La Isla Bonita

Welcome to the beach capital of the Philippines

There’s oohing and ahhing as the island comes into view from the windows of our twin-prop plane swooping in to land. We pass wind turbines and postcard- perfect waters. “Mate, that’s beautiful, that’s beautiful,” comes the broad-accented affirmation from one surfer to another in the seat behind me.

Soon we’re bumping down to land at the small airport adjacent to the island and garlands of beads are being draped over our necks by Cebu Pacific airline staff. Then it’s from plane to boat, ferried over to the island in a catamaran with the afternoon sun glittering off the crests of the waves. The bleariness of airports peels away and that island feeling takes hold. Welcome to Boracay. Our guides escort us by van down the island’s main road to our beach accommodation, the Mediterranean-themed Le Soleil de Boracay (rooms starting at USD133++).

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Boracay as a tourist destination began emerging onto the scene sometime in the late 1970s with the first trickles of pale- skinned European backpackers finding their way to its unspoiled shores and bedding down in simple nipa huts at night with nothing but candles and kerosene lamps. Today, of course, it’s another world. These days, and justly so, it’s a world-class travel destination. Because of sensible ecological management and waste treatment, the waters remain pristine, and the sand retains its natural whiteness. Smoking and littering on the beach itself is, blissfully, prohibited and closely enforced. The sunsets are as majestic as ever, if not even more so, enhanced by the many intersecting sails of boats in silhouette.

But it’s more than just a pretty face. Boracay is a recreationist’s delight. Activities abound, from helmet diving to the bottom of the ocean to parasailing up with the gulls, both on land and at sea. EXO Travel has organized a thrilling line-up of activities for us. First up is quad biking. The trail follows the road up to the top of Mt. Lubo – Boracay’s highest point – where the entire island stretches out below.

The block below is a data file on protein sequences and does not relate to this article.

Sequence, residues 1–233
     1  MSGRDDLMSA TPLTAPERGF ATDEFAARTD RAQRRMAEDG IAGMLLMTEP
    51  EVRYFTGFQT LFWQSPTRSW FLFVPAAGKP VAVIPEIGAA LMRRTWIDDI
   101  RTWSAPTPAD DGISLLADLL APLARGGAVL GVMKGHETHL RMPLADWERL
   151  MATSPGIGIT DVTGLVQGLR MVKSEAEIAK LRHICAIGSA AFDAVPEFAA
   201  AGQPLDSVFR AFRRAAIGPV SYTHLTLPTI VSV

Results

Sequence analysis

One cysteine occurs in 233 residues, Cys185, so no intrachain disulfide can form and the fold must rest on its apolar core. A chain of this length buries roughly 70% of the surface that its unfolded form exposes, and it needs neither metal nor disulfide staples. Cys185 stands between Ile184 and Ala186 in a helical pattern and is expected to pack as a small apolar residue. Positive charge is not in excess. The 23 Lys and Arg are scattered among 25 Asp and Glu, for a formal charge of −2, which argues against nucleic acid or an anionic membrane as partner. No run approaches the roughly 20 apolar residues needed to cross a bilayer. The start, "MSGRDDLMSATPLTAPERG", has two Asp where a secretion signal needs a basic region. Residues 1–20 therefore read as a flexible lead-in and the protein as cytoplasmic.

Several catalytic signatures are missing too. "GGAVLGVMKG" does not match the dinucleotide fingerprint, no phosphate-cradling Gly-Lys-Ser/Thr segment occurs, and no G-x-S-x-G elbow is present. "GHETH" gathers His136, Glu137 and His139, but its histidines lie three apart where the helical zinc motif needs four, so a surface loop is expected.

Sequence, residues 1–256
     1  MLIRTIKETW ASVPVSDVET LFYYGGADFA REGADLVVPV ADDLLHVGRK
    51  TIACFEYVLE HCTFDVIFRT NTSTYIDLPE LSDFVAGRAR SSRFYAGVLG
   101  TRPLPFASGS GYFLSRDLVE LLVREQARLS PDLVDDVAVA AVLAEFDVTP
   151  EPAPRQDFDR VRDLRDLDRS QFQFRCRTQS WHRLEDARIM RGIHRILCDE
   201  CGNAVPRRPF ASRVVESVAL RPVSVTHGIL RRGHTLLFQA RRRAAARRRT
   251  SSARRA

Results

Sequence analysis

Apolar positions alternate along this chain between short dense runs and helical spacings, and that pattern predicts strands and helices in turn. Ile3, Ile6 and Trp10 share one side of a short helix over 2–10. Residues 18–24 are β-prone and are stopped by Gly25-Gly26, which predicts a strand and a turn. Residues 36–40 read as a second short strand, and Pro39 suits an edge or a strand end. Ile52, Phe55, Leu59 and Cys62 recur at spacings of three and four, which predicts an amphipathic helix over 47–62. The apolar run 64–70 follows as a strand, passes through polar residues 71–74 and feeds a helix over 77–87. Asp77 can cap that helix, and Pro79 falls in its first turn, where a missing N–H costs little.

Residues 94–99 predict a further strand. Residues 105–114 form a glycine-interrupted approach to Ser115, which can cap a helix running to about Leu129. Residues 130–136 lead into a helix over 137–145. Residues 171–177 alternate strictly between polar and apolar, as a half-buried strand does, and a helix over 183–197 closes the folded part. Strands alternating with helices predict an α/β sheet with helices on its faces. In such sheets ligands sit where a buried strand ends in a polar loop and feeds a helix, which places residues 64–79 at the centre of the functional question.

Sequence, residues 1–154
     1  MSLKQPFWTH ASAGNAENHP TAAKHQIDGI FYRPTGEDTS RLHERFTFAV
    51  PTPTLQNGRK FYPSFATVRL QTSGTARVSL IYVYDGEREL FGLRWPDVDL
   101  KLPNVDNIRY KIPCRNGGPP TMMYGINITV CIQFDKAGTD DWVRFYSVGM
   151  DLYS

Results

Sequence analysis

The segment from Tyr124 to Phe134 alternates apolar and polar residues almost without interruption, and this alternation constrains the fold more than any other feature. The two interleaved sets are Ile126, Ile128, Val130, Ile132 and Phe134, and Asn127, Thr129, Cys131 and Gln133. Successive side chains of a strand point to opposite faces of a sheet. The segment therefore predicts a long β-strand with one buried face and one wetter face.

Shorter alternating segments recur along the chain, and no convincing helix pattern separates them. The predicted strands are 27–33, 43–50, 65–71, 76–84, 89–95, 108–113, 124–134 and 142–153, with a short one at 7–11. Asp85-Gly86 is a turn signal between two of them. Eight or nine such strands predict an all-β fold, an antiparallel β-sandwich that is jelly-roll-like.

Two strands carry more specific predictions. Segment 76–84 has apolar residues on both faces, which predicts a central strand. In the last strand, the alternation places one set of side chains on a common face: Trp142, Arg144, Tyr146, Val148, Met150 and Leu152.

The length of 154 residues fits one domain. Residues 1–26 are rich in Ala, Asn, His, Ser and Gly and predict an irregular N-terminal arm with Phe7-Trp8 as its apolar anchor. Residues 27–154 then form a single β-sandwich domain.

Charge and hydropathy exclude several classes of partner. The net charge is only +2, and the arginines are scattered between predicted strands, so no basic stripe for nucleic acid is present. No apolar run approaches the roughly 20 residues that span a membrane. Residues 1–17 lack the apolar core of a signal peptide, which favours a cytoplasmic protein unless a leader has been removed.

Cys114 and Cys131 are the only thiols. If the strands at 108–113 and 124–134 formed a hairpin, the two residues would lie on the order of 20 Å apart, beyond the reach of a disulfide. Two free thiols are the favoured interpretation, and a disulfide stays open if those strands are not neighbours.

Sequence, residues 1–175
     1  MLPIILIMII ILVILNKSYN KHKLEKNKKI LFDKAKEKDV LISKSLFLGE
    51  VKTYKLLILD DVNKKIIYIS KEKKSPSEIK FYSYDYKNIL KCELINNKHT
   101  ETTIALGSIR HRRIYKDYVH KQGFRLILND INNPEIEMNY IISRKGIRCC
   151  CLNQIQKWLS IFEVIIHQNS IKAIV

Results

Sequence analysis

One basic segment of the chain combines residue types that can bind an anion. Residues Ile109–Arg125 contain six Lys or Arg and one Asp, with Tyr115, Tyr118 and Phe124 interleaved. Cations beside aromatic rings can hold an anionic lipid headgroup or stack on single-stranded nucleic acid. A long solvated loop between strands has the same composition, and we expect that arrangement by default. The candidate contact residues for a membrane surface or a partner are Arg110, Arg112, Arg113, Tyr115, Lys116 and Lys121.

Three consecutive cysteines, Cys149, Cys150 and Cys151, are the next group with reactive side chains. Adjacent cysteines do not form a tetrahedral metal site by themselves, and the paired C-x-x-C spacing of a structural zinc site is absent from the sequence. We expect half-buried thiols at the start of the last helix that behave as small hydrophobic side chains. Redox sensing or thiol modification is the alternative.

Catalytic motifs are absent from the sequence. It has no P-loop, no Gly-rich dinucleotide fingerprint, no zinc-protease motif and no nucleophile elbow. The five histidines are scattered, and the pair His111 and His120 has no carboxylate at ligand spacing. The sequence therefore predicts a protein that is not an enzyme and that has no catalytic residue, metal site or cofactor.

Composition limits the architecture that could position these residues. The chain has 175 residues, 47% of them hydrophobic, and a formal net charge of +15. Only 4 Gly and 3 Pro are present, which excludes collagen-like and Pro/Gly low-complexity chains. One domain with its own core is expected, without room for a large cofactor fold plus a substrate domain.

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Ranked among the more surreal experiences of my life, helmet diving – the act of strapping a fishbowl helmet onto your head and descending in an upright position to the bottom of the ocean – comes as a pleasant and somewhat unnerving surprise. The preparation feels something like a dress rehearsal for 20,000 Leagues Under The Sea as you wait on a ladder up to your waist in the water for the helmet to be placed onto your head, and the 30kg weight of it carries you straight down to the bottom like an anvil. It’s a jolting experience at first, with the sudden pressure on your eardrums, the Vader-like hiss of oxygen being piped in from above and the general weirdness of being upright and breathing on the ocean floor. Shoals of tropical fish flit around us, swimming right up to our faces inviting us to reach out in a childlike sense of wonder and touch one, which is near to impossible. It’s a dreamlike sensation and like nothing else you’re likely to experience. Re-entry to the world above is disorienting as we’re lifted back up onto the ladder by soft hands. I find myself back on the floating deck, staggering toward my companions on submarine legs in the sun.